This unique garden although not a typical trail, offers a variety of plants, pools and sitting areas along with one mile of walking paths. It is a fee-based locale which as of 2023 costs $8 per adult, 6-17 year olds are $4 and age 5 and under are free. You can also purchase a yearly membership for garden entry. Ohme is open seasonally, closing mid-October and reopens in the spring. Check the Ohme Gardens website for more information.
The History of Ohme Gardens: Ohme Gardens began in 1929 when Herman Ohme purchased 40 acres of land which included a 5-acre apple orchard, an old house, and a high rocky bluff with nothing but sagebrush and dry grass overlooking the Wenatchee Valley and Columbia River. “It occurred to me at once what to do with this rock that nature had left after millions of years in the making. The rock had beautiful formations for a garden.” It was then that Herman first planted a few trees and started a small rock garden.
Not long after beginning work on his hilltop garden, he met Ruth Orcutt and the two were married, beginning a partnership that would ultimately lead to the development of Ohme Gardens. Working together in their orchard they often ended their days sitting on top of their rocky bluff enjoying the view and dreaming of building a house on their view property. But this was the start of the Great Depression and banks were not loaning money. Undeterred, they started work on their yard for the time being. Driving their Studebaker coupe to the nearby Cascade Mountains they loaded up the rumble seat and running boards with young trees, ferns and shrubs to transplant to their bluff. As there was no water up on the outcropping, they filled 5-gallon milk cans at their nearby orchard and drove them up the hill to hand water their transplants.
Truckloads of flat rock were collected from the banks of the Columbia River near where Rocky Reach Dam is today, to create pathways, benches, and tables. After the dam was built in 1962 covering their source of stone, the Ohmes found similar rock outcroppings on surrounding hillsides. They used sledge hammers and wedges to get the stone they needed. In addition to bringing in rock, tons of rocks were removed to clear areas for lawns and pathways. Much of that rock became the wall that runs along the western border of the Gardens. Often an old army stretcher was used to haul the rock. The larger rocks were transported with a mule pulling a plank sled. Herman would then use a big crowbar to walk or roll the rocks into place. “You couldn’t hire me to do that” he said, “it was a labor of love.”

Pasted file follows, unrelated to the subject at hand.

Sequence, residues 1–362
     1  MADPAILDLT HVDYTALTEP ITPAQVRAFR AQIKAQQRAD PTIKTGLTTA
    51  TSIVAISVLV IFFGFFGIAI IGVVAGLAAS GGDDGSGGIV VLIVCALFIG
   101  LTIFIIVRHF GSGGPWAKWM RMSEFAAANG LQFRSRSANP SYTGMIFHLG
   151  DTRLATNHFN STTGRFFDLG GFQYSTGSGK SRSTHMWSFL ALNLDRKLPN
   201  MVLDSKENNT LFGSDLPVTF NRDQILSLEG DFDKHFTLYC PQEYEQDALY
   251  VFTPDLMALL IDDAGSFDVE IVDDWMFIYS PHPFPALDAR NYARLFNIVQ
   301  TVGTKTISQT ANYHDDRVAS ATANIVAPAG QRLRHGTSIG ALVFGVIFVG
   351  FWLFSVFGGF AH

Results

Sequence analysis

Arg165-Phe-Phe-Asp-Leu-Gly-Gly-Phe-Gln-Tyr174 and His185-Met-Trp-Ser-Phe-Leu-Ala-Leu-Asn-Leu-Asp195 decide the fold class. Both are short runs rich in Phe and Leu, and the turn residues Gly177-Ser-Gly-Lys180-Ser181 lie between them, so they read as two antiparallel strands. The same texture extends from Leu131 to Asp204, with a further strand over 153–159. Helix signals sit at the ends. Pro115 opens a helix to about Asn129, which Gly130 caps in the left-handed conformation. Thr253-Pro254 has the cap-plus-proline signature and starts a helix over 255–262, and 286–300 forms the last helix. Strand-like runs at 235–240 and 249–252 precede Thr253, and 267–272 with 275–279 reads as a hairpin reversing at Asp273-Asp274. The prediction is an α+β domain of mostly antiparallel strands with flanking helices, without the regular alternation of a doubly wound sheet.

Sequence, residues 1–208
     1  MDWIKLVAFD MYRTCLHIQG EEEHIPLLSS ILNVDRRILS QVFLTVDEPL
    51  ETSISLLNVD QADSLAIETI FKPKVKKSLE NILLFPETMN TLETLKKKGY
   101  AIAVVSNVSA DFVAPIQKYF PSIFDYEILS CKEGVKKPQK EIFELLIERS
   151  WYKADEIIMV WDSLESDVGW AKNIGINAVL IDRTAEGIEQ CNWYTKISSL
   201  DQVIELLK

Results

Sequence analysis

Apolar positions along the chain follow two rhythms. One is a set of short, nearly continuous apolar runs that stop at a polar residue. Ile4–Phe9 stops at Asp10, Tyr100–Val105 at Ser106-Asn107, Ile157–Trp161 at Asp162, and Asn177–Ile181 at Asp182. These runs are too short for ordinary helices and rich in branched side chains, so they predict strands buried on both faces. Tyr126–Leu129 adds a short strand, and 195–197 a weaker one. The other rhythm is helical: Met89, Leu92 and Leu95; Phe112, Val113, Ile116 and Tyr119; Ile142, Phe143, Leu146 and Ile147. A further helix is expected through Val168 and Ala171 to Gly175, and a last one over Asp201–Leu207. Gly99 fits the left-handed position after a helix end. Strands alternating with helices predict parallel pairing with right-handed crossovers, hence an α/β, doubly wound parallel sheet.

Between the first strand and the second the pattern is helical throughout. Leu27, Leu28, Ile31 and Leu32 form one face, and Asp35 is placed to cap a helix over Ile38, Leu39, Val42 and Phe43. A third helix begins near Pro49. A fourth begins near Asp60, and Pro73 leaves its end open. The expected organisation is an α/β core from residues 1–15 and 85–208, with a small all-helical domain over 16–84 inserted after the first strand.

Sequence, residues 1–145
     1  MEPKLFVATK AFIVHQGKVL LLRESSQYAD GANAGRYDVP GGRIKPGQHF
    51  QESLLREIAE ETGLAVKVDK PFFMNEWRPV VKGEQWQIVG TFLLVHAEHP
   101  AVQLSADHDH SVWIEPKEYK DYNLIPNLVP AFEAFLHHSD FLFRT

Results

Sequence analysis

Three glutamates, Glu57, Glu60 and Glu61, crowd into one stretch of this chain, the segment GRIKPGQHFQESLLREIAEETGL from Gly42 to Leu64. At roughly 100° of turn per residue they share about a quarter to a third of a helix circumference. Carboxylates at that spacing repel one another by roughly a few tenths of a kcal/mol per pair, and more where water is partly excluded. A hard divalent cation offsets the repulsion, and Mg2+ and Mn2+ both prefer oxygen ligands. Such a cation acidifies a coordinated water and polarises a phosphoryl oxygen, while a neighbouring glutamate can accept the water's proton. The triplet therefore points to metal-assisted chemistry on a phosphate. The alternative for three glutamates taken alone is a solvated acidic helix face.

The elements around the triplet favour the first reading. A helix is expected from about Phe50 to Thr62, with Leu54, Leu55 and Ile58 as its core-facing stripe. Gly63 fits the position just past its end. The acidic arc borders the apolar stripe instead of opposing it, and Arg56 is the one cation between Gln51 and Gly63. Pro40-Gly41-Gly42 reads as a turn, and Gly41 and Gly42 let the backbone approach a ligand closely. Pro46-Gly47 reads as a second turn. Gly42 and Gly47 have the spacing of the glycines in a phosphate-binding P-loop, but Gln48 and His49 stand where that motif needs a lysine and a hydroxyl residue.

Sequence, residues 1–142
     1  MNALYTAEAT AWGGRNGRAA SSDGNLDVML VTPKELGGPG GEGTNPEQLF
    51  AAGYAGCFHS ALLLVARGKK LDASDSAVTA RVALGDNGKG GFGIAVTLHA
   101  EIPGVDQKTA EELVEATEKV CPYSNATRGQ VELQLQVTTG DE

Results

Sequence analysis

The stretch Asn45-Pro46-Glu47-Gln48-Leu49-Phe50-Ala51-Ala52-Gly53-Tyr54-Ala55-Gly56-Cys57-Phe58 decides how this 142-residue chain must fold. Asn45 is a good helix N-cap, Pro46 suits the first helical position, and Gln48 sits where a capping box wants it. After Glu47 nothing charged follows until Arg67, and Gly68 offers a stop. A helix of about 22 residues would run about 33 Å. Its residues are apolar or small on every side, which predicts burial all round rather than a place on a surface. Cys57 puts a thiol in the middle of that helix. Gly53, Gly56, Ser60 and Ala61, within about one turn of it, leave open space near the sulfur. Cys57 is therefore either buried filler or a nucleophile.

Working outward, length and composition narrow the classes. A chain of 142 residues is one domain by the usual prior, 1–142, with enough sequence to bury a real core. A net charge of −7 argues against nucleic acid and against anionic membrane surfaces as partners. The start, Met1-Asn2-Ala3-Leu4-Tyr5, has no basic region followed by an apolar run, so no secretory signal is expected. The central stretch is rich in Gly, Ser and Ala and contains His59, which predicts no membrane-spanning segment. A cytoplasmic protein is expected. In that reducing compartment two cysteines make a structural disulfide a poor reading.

After ten years working in their spare time on summer evenings and in the fall when harvest was over, they had two acres developed and the little patch of green against the brown hillside was starting to get a lot of attention. Word started to spread and more and more people came up to admire their handiwork. When The Wenatchee Daily World published a story on the Gardens with photos, the following Sunday some 500 locals came out to look at the man-made wonder. In 1939, Herman bowed to the urging of his friends and admirers and opened the Gardens to the public. Partly to help offset the rising maintenance costs and partly to keep from being overrun, they charged 25¢ per carload. But instead of keeping people away as he expected, the admission charge did just the opposite, it attracted even more people! Finally, Herman & Ruth leased out their orchard and turned all of their attention to doing what they loved to do – developing what would become known as ‘Ohme Gardens.’